Latin Mass to remain at Vienna parish

Staff photo / Guy Vogrin The Rev. Vit Fiala, OFM, director of the Shrine of Our Lady Comforter of the Afflicted in Youngstown, said he had instituted a Latin Mass during weekdays at the shrine, but had to discontinue it because of the illness of a fellow friar.

Pope Francis has put restrictions on the use of the old Latin Mass, reversing one of Pope Benedict XVI’s signature decisions.

Traditionalist Catholics in the Mahoning Valley, however, won’t have to worry about any of these new restrictions.

Francis, 84, issued a new law — or Motu Proprio — on July 16 requiring individual bishops to approve celebrations of the old Mass, also called the Tridentine Mass, which went out of regular use by Catholic leaders just after the second Vatican Council in the late 1960s.

The only church in the six-county Youngstown Diocese that offers solely Latin Masses is Queen of the Holy Rosary at 291 Scoville Drive in Vienna. Status of the Masses there is not changing, according to one Diocesan official.

“Queen of the Holy Rosary is part of our Diocese’s fabric, and Bishop David Bonnar sees to it that nothing will change,” said Monsignor John Zuraw, who is chancellor of the diocese. “The Motu Proprio (titled “Traditionis Custodes”) or decree gives proper oversight to the local bishop. It offers the bishop to be very careful and vigilant on who to give out the faculty to celebrate the Latin Mass.”

Zuraw said the Vienna parish “is a stable group of individuals” who come together each week for worship.

“That parish community will remain intact and will be permitted to celebrate the Latin or Tridentine Mass,” the monsignor said, noting that priests who take care of the parish are part of the Fraternity of St. Peter.

One of its members, Joseph R. Zauhar of Vienna, said he prefers the old-style service that goes back to the fifth or sixth century.

“Latin Mass is the closest thing to heaven on earth,” he said.

A worshipper at Friday’s daily Mass, who only gave the name of Karen, said she has been coming to Latin Mass after being converted to the Catholic faith 17 years ago.

“It makes me feel more God-centered,” she said. “It has less distractions than the Novus Ordo (new order) Mass.”

Other than the language difference, the priest during the Latin Mass faces away from the congregation and toward the altar.



A Franciscan friar last year added a Latin Mass to a local shrine’s weekday schedule, but had to recently discontinue it because of sickness of one of his colleagues.

The Rev. Vit Fiala, Order of Franciscan Missionaries, director of the Shrine of Our Lady Comforter of the Afflicted on South Belle Vista Avenue in Youngstown, said he added the Latin Mass prior to the lockdown in the midst of the COVID-19 pandemic.

“As a bi-ritual priest, Roman Catholic and Byzantine, I saw an opportunity to learn another church liturgy — the Traditional Latin Mass (TLM). After brushing up on Latin and learning the liturgy itself, I offered a low TLM during weekdays at the Shrine.”

Fiala originally assumed attendance for the TLM would be minimal but he was “greatly surprised.”

“Many people began coming to this Mass on a regular basis. The solemnity and reverence of this Mass gave them the spiritual nourishment they sought.”

Critics said they had never before witnessed a pope so thoroughly reversing his predecessor. That the reversal concerned something so fundamental as the liturgy, while Benedict is still alive and living in the Vatican as a retired pope, only amplified the extraordinary nature of Francis’ move.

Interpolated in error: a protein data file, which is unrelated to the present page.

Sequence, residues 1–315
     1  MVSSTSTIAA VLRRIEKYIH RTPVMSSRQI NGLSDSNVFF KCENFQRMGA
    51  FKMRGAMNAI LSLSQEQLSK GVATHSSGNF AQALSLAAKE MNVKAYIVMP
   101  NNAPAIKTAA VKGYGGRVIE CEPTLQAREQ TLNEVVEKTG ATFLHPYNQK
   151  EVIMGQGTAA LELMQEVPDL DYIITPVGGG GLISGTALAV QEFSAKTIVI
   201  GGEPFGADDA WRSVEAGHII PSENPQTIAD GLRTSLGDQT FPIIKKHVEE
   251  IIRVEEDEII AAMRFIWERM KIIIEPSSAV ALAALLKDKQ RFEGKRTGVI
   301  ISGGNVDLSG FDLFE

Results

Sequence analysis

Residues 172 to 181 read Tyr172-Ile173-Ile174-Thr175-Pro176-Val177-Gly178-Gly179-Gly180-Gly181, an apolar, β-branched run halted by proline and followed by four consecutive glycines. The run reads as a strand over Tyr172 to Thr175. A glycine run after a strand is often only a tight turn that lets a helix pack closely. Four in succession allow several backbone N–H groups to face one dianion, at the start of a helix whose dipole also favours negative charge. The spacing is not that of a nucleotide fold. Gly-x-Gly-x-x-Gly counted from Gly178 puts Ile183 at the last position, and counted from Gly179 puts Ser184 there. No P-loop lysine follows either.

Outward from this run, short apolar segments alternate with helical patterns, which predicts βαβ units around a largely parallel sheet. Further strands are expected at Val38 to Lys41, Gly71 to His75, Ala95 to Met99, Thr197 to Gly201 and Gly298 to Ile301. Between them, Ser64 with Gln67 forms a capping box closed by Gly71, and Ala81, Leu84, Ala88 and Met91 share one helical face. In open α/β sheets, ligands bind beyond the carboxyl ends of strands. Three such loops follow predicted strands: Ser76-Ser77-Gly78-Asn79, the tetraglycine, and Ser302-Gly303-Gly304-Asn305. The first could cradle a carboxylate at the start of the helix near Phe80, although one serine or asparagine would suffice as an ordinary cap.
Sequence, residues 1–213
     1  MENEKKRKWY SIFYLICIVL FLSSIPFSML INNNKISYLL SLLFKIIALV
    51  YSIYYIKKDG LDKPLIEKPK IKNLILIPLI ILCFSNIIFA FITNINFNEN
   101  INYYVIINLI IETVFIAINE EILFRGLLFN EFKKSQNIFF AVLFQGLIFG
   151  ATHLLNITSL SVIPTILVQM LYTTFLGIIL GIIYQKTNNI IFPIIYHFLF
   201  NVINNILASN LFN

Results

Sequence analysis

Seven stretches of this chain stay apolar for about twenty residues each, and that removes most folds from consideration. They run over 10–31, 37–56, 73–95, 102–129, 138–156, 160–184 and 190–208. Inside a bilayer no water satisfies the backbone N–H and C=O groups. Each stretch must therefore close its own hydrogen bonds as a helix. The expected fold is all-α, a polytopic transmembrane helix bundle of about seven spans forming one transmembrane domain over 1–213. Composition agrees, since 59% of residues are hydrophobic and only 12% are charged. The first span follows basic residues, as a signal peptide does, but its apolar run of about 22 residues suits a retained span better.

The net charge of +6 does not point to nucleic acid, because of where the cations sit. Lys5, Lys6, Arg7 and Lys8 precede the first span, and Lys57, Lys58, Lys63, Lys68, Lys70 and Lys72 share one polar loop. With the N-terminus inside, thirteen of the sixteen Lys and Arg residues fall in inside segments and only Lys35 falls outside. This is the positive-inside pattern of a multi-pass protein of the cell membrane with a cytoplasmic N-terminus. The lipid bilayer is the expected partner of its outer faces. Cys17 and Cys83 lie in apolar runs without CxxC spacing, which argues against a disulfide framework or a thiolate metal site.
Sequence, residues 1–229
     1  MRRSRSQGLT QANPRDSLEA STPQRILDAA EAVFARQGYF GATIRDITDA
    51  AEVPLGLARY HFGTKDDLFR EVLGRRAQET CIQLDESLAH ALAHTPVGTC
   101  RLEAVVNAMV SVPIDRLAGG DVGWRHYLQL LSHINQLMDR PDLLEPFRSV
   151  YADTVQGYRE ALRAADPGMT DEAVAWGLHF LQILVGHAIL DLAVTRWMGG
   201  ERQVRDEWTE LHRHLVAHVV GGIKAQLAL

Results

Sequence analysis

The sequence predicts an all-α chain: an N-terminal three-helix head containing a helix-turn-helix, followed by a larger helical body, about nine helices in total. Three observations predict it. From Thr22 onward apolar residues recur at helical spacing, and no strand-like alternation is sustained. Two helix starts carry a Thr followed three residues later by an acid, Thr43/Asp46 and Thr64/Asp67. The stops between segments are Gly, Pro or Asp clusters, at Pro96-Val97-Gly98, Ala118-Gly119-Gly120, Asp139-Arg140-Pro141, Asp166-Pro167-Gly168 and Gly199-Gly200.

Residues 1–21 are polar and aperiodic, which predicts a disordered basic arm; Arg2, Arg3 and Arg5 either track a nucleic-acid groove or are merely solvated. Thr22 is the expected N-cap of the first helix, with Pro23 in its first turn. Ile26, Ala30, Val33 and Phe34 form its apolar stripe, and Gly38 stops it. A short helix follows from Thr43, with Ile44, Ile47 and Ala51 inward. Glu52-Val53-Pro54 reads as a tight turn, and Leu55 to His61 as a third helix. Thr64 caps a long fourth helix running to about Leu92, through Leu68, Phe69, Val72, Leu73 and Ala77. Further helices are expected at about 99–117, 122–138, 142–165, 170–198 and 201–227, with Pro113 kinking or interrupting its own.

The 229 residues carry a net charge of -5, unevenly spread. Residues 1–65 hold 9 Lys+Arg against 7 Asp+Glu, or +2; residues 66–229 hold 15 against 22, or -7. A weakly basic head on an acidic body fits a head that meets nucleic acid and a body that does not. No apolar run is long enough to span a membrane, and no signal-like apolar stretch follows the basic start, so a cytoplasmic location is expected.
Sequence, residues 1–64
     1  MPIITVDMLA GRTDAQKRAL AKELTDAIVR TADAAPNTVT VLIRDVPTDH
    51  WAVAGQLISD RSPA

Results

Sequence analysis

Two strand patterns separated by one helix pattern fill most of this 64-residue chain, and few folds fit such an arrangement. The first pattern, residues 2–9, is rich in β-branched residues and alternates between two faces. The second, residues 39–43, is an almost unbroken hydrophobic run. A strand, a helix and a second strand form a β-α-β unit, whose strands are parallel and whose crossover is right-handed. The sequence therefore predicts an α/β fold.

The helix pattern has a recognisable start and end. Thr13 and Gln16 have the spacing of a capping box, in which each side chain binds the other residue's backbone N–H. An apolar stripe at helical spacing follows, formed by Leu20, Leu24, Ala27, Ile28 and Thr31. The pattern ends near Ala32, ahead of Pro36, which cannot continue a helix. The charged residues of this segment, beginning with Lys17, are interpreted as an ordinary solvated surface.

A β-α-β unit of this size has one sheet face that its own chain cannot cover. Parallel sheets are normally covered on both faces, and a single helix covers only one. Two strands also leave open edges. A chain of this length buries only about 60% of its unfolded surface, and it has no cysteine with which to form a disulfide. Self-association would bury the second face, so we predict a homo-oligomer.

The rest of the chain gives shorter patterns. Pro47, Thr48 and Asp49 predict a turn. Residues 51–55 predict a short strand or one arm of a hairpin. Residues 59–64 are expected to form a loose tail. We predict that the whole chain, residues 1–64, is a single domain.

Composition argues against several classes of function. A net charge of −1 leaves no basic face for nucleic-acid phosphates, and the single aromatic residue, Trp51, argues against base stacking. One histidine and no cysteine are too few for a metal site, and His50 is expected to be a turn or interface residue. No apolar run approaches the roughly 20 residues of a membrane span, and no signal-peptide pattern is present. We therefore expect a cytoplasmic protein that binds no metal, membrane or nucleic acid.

Fiala, however, said the pope’s edict did not cancel the TLM altogether, but rather put the decision into the hands of the local bishops. Pope Benedict had relaxed the restrictions in 2007, allowing priests to celebrate the Latin rite without permission from their bishops.

The order struck by Francis requires newly ordained priests to receive explicit permission to celebrate it from their bishops, in consultation with the Vatican. The pontiff said he was taking action because Benedict’s reform had become a source of division in the church and been exploited by Catholics opposed to the Second Vatican Council, the 1960s meetings that modernized the church and its liturgy.

In addition, Francis said bishops are no longer allowed to authorize the formation of any new pro-Latin Mass groups in their diocese.

Fiala said several prelates such as Archbishop Samuel Aquilla or Bishop Athanasius Schneider have made good comments concerning this issue. He said many bishops, including Youngstown’s and Archbishop Salvatore Cordileone of San Francisco, have decided to continue the TLM in their diocese.


Fiala, who provides spiritual guidance to many faithful Catholics in the Mahoning Valley, warned those traditionalists if they are hanging on to the old Mass for sentimental reasons.

“They have to be careful to question themselves for being upset (about the Pope’s statement on the TLM), is this nostalgia or spirituality?”

Fiala said he hopes for many, it’s spirituality.

“Personal spirituality ought to be respected. It is a journey of salvation and a stream of living water that gives life to an individual. Spirituality comes in many different ways. The religious ponders a way to look at it through a relationship with God, which is closely attached to liturgy, to church politics, or through seeking a mystical pursuit with God in Jesus Christ. The spiritual journey is a choice one makes.”

Whether they prefer Latin Mass or the Novus Ordo Mass, Fiala said this choice comes out of one of God’s greatest gifts to his creation: free will.

“And with this gift, some people choose marriage, while others choose to remain single, as well as choosing what type of job or career they want to pursue. The unifying element is the call to answer a combination of what is given and what we desire.”


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